July 12: Matthew 22

Martin Downes
One of the Old Testament texts that dominates the New Testament skyline is Psalm 110:1.  It is the Old Testament text to which the New Testament most often alludes.  There are no fewer that twenty one references, quotations and allusions to this verse in the Gospels (Matt. 22:44; 26:64; Mark 12:36; 14:62; 16:19; Luke 20:42-43), the book of Acts (2:33-35; 5:31; 7:55-56) and the Letters (Rom. 8:34; 1 Cor. 15:25; Eph. 1:20; 2:6; Col. 3:1; Heb. 1:3, 13; 8:1; 10:12-13; 12:2; 1 Peter 3:22).  There is also a possible allusion in Revelation 3:21.

In Matthew 22 this text lies at the very heart of understanding the person of Christ. In Matthew 22:15-40 Jesus has faced a number of curved balls, a series of questions prompted not by a sincere desire to know the truth but with the desire to "entangle him in his words" (22:15).  

After fielding these questions Jesus asks one of his own (22:42-46): "What do you think about the Christ?  Whose son is he?"  They said to him, "The son of David."  He said to them, "How is it then that David, in the Spirit, calls him Lord, saying "'The Lord said to my Lord, sit at my right hand, until I put your enemies under your feet'?  If then David calls him Lord, how is he his son?"  And no one was able to answer him a word.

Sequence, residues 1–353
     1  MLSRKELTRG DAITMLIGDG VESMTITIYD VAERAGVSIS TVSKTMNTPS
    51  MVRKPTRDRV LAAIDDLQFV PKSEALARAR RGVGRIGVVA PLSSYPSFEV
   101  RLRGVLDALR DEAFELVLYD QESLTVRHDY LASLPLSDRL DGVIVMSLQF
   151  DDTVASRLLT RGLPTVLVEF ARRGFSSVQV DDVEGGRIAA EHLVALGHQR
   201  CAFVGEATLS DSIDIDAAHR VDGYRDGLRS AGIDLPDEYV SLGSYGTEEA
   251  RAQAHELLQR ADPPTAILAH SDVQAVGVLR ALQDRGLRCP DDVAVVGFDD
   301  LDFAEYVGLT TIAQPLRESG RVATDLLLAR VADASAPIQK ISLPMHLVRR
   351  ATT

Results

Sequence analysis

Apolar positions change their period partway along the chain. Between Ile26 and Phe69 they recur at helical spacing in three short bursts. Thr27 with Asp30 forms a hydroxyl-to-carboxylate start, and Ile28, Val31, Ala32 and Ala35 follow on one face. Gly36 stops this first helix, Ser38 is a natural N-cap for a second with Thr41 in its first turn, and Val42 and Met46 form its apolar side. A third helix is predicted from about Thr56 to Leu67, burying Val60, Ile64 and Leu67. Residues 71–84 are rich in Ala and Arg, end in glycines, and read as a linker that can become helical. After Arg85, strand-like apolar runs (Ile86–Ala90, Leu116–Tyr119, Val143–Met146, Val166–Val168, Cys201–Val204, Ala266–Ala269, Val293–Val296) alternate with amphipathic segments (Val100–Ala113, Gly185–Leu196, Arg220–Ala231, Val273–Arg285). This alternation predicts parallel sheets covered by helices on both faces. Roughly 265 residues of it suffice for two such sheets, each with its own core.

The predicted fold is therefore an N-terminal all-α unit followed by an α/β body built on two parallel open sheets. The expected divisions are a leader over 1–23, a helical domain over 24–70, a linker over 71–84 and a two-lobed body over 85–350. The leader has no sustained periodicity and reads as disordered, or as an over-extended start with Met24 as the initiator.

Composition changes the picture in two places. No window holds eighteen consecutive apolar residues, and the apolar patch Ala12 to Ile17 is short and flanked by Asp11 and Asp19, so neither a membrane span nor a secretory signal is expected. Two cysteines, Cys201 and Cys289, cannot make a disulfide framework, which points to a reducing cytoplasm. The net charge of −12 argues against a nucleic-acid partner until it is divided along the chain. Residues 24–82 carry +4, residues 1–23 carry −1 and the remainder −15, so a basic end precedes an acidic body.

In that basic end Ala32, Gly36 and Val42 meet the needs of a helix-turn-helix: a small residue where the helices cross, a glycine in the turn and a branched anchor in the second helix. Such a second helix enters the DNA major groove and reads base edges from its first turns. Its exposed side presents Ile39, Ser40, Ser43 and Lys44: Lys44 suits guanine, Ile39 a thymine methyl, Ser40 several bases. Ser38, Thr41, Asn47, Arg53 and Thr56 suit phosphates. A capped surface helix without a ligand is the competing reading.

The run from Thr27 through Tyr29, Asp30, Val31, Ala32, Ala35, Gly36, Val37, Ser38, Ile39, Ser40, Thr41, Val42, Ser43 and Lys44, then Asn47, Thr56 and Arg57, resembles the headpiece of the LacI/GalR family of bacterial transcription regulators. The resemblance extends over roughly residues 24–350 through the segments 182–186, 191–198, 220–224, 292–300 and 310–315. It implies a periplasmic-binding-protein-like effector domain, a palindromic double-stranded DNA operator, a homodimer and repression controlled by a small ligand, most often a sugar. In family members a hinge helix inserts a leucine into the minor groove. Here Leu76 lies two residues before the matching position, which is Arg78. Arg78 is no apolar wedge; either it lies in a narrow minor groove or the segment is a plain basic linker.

This text is key to understanding the divine identity of Christ.  There are clearly two persons referred to as Lord.  David's "Lord" has been exalted to God's right hand, he occupies the place of supreme authority, seated with God on God's throne.  Christ is no second Lord of lower rank but shares in his Father's sovereign rule over heaven and earth.

It should not be lost on us that the category for thinking of Christ in this way was not invented by the New Testament writers.  They inherited this category for understanding the supreme Lordship and divine identity of Jesus, without modification, from Jesus himself.  And in Matthew 22 Jesus makes it clear that David himself held as high a view of the Christ as it was possible to hold.  Jesus is Lord.  It is worth pondering that David's confession, just like ours, was as a result of the work of the Holy Spirit (1 Cor. 12:3).